The Plateau at 5700 ft Posted on 28 Jan 00:56 , 0 comments

     Dear Friends,
 This post  which comes also in a form of a newsletter continues the presentation of our mythical land while at the same time expands our  wish to share our personal experience.
 We describe our findings, through the questions that arise and solutions that we discover during our  searches and travel over the last 5 years.

 

On our road to the Plateau, the first wild oregano plants started to appear

On our road to the Plateau, the first wild oregano plants started to appear


                     
    “The mountain realm of the bees!”

…The Wild Oregano was blossoming around us with it’s green and white flowers appearing like “the gems on the crown”.
And every plant was really impressive. Standing at  20+  inches (50+ cm)  tall, they were also the biggest and most impressive of every oregano plant we ‘ve seen till then!
Bees everywhere. On every oregano flower, inside every branch of the plant. Thousands. Working endlessly, committed totally to their work. Besides them, also many different insects were trying to get their share from the plant. All in harmony. We still remember the “music” of their wings breaking the silence.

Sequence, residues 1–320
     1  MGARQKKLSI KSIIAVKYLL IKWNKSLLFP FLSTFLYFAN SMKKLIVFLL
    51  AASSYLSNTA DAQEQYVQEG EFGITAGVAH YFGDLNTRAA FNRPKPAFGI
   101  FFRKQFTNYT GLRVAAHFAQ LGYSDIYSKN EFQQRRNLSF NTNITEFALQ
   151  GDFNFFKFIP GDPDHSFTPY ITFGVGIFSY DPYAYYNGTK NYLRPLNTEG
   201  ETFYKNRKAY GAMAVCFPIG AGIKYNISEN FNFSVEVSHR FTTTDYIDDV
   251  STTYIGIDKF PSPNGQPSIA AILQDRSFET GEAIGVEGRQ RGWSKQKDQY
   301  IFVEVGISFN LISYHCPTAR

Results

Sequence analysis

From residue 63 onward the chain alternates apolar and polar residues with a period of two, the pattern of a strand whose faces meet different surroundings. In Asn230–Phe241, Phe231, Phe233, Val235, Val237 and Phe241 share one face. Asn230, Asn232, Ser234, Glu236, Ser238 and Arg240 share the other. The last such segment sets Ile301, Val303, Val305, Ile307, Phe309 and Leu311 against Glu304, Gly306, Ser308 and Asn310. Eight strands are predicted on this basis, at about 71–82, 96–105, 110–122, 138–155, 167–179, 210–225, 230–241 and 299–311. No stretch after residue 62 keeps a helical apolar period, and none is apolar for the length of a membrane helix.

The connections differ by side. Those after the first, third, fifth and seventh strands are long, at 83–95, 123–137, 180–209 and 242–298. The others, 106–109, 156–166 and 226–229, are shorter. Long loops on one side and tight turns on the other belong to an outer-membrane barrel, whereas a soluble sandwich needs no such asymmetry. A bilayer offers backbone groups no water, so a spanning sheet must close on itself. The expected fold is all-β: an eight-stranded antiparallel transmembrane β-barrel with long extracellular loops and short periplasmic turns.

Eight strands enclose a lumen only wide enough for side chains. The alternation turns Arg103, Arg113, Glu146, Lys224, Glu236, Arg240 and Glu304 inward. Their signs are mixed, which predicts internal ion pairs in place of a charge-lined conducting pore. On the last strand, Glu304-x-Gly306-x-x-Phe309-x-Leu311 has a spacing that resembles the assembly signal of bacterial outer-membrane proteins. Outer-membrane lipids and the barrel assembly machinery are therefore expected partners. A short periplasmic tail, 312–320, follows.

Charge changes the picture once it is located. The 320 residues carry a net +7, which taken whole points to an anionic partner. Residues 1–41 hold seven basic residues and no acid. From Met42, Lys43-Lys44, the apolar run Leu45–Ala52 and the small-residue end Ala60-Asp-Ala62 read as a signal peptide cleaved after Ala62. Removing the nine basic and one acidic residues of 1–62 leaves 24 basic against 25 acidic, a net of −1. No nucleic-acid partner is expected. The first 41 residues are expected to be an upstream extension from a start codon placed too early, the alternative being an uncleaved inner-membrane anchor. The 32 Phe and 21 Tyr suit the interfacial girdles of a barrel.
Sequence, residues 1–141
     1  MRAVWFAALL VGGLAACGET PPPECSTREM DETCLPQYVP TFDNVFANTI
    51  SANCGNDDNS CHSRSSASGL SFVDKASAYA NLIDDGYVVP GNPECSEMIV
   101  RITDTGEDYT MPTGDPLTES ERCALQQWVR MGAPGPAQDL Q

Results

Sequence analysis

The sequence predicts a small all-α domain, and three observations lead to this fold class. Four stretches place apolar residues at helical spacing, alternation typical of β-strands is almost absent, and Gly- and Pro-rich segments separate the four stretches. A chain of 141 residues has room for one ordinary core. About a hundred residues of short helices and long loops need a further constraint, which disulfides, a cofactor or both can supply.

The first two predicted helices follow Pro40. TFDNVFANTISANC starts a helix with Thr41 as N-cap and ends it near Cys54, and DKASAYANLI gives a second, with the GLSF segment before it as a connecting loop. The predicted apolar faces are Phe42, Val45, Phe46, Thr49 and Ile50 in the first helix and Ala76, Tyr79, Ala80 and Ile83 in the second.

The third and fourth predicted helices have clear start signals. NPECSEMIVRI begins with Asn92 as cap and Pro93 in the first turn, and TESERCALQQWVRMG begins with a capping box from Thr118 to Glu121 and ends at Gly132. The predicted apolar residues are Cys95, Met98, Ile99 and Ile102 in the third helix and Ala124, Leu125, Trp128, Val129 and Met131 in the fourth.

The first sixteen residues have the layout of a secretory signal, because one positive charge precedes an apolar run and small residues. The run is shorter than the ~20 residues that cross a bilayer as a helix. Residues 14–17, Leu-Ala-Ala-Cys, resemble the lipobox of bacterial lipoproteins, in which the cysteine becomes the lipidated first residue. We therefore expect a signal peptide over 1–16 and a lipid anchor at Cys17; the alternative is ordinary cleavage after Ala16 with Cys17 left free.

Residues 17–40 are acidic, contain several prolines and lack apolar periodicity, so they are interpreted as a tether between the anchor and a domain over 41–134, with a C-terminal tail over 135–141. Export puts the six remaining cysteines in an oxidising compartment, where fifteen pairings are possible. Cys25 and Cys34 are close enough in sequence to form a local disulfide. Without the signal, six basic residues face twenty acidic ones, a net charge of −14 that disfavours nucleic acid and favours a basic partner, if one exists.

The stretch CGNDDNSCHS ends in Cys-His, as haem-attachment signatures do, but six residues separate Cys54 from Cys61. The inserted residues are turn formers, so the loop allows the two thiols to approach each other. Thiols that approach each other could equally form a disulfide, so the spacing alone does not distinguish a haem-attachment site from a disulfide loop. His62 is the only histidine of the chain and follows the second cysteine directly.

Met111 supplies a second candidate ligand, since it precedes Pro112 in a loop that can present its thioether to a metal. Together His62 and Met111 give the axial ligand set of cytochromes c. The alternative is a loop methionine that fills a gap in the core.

For the first seconds, we ‘re really dazed and confused about the next steps.
How could we proceed and start gathering the plants amongst so many bees and their friends?
With trembling hands, we approached the mid of a plant and then an incredible thing happened.
All the insects started gently moving to other branches and parts of the plant leaving us the space to proceed. Only a few minutes after, we found ourselves working in silence with our new friends buzzing close to our hands. We were touching them sometimes with the edge of our fingers, trying to show our grateful for letting us work with them.
The “sharing” of the plants worked like a charm. We were cutting some branches while we were leaving to our friends enough ones to harvest.

 

Incredible view from 5800 feet .  You can see Sparta and the valley of Eurotas river.

Incredible view from 5800 feet .  You can see Sparta and the valley of Eurotas river.

 



                             “Troubles in heaven”

Totally exposed to the hot sun we were taking short brakes every few minutes to drink water and enjoy the surrounding view. Thank’s to Jim’s advice we had carried enough bottles.
 
Hats and glasses couldn’t provide enough protection at that moment.
After filling a couple of linen bags we had to stop. Though it was like time had stopped in this plateau the truth was that three hours had passed.
Under the shadow of two huge fir trees, the humble snacks (bread and cheese) were the most luxurious and tasty lunch ever!
 
And then we started to wonder how these plants are growing so much and blossoming under the hot summer sun.